2014 SpeedWeek in Bonneville Rained Out - Engine Builder Magazine

2014 SpeedWeek in Bonneville Rained Out

Bonneville SpeedWeek Cancellation Final Report

SpeedWeek at the Salt Flats was to be the first of several testing grounds as Danny Thompson (son of Speed King Mickey Thompson) hoped to push his little metal “cigar on wheels” Challenger 2 streamliner past 400 mph, past 450 mph, maybe even past 500 mph. His attempt at a record was postponed with the rainout of this year’s timed event. Photo: CNN

The 100th anniversary of racing at the Bonneville Salt Flats was rained out this earlier this month. This was the first time this has happened since 1992. The following is the press release from Scott C. Andrews, president of the Southern California Timing Association (SCTA).

Dear SCTA-BNI Racers and Fans
As you know the Board had a very tough decision to cancel this year’s Century of Speed celebration at this year’s SpeedWeek. In order for all of the competitors and fans to completely understand our reasoning so we are providing this explanation of the process involved in the cancellation decision.

As we had stated earlier in the week the conditions at the Bonneville Salt Flats were excellent. The courses looked smooth and very hard. After our initial set-up we were ready to complete the courses by installing the timing wire and clocks and also the edge and center painted lines, we had planned those for Thursday.

When it rained Wednesday evening we were forced to delay the opening of tech inspection and the final course set-up items for 24 hours. The slight bit of rain that fell was not a real concern for us as it had occurred in the past with little long term impact.

On Thursday we finished much of the course marking and with the standing (but receding) water on the courses we decided to delay another 24 hours to allow for additional drying to occur. We had not yet laid down the timing system wire and we did not want to do this in standing water. Leaving the salt that evening it started to rain and really dropped quite a bit of water on the courses. Some of the officials have seen this in the past and they stated that we should use caution here to ensure that we did not call the race too early as this condition has historically cleared in the past. The courses had shown signs of improvement overnight especially courses 2-3 as they are the highest in elevation by a slight amount. This drying is what gave us reason for another 24 hour delay rather than an outright cancellation.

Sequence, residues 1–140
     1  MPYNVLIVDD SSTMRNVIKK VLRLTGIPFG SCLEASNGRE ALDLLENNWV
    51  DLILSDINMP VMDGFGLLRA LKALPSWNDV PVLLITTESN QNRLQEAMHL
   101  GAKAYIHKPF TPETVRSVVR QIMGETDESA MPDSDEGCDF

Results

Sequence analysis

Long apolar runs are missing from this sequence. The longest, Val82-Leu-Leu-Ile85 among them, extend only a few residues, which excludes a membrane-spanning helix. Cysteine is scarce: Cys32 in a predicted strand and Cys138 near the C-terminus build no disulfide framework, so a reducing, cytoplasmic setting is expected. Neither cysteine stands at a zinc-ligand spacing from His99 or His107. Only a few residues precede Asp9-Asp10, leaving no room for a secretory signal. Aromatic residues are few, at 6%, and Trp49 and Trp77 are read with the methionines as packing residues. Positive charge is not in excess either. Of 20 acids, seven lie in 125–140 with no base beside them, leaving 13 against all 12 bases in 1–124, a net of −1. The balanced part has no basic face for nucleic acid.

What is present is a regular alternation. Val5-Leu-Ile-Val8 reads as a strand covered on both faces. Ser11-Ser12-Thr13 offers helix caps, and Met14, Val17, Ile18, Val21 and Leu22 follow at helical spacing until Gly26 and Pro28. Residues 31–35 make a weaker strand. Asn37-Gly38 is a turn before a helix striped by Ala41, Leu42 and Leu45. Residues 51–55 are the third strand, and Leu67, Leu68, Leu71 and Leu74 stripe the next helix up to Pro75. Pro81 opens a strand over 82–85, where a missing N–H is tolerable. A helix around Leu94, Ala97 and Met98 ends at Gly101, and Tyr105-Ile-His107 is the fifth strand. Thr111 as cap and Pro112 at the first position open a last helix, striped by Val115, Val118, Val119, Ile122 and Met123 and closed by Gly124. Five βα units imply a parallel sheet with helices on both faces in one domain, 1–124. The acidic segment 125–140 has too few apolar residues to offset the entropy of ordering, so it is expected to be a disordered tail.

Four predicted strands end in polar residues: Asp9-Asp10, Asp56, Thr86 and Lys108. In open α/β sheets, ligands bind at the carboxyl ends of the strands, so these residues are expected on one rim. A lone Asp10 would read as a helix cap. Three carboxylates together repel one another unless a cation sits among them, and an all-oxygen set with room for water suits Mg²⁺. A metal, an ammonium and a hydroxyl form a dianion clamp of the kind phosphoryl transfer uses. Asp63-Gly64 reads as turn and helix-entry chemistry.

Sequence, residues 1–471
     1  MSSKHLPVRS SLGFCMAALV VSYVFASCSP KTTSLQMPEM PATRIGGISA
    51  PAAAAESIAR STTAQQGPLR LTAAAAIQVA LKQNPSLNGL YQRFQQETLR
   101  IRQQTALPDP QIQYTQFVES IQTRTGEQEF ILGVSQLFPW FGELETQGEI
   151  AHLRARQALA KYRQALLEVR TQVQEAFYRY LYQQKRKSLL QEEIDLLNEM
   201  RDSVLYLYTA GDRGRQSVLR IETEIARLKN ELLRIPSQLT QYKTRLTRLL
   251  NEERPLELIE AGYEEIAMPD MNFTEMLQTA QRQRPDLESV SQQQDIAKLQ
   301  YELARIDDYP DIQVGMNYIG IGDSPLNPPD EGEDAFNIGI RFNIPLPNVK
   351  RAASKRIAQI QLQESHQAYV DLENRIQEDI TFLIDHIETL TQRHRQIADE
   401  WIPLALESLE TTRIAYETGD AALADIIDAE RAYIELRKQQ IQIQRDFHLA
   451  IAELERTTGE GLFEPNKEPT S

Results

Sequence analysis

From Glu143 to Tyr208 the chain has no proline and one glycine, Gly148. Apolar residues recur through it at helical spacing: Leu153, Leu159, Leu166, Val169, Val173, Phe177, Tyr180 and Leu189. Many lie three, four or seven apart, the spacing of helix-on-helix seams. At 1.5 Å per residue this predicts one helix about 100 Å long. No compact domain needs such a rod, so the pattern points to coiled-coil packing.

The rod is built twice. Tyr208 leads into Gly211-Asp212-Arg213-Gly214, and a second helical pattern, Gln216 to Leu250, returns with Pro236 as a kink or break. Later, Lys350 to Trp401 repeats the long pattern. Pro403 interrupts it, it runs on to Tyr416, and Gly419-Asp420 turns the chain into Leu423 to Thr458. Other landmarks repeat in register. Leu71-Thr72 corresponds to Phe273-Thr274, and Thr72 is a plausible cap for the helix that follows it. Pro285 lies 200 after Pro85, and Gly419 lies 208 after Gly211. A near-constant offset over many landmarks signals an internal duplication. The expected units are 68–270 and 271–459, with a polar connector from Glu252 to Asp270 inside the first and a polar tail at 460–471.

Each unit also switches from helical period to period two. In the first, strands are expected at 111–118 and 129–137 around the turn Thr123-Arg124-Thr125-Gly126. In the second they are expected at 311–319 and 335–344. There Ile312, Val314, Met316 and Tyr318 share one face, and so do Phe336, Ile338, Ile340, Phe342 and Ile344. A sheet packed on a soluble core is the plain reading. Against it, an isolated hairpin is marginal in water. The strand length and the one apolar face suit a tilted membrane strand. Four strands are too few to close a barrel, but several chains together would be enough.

When it rained on Friday night we knew that we might have a permanent problem and we dispatched veteran Board member Roy Creel to the salt immediately. He noted that the rain was not coming down on the BSF but just in Wendover, so we decided to stay the course and see what Saturday brought us. During this delay Bill Lattin the BNI Chairman and SCTA Race Director asked a number of long-time Bonneville racers to accompany us to the BSF in the morning to review conditions. Saturday morning we all gathered together and took a driving tour of the race courses. It was very obvious that the rain that had initially missed the BSF had actually circled around (just like we saw on the radar) and the squall was quite severe. The amount of water on the BSF was insurmountable.


This was a difficult position for the Board. We tried to balance the optimism of knowing that water historically dries-off of the BSF courses very quickly. It is understood by all of the officials that of our racers must be informed as early as possible if a cancellation is imminent. The last thing that we wish to do is cause any undue financial or time burden on the competitors and fans, and give them as much time to allow for a change in their scheduling as possible. Many of our racers and fans have regular jobs and they need to schedule this time-off and that is a big part of our decision making process. How to reduce the financial and travel expense exposure is very important to us and we considered this in our decision making process. The racer is at the center of these decisions with this Board. It was the racer that we finally had to serve and give the cancellation notice because we would not be able to provide a dry competitive racing surface.